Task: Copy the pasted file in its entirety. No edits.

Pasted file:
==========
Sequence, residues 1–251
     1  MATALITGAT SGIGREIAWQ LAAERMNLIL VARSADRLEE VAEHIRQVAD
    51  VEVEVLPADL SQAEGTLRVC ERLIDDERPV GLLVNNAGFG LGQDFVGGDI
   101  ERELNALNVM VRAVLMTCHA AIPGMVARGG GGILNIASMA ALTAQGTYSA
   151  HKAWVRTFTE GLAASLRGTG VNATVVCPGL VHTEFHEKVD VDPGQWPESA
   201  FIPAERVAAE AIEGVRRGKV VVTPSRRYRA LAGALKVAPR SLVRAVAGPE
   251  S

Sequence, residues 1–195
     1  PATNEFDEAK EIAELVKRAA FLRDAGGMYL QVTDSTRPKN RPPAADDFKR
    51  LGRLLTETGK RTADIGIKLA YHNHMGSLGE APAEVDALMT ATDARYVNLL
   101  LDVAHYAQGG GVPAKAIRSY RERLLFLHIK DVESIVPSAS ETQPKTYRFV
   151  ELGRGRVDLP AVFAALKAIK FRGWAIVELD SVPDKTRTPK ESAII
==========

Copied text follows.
Sequence, residues 1–251
     1  MATALITGAT SGIGREIAWQ LAAERMNLIL VARSADRLEE VAEHIRQVAD
    51  VEVEVLPADL SQAEGTLRVC ERLIDDERPV GLLVNNAGFG LGQDFVGGDI
   101  ERELNALNVM VRAVLMTCHA AIPGMVARGG GGILNIASMA ALTAQGTYSA
   151  HKAWVRTFTE GLAASLRGTG VNATVVCPGL VHTEFHEKVD VDPGQWPESA
   201  FIPAERVAAE AIEGVRRGKV VVTPSRRYRA LAGALKVAPR SLVRAVAGPE
   251  S

Sequence, residues 1–195
     1  PATNEFDEAK EIAELVKRAA FLRDAGGMYL QVTDSTRPKN RPPAADDFKR
    51  LGRLLTETGK RTADIGIKLA YHNHMGSLGE APAEVDALMT ATDARYVNLL
   101  LDVAHYAQGG GVPAKAIRSY RERLLFLHIK DVESIVPSAS ETQPKTYRFV
   151  ELGRGRVDLP AVFAALKAIK FRGWAIVELD SVPDKTRTPK ESAII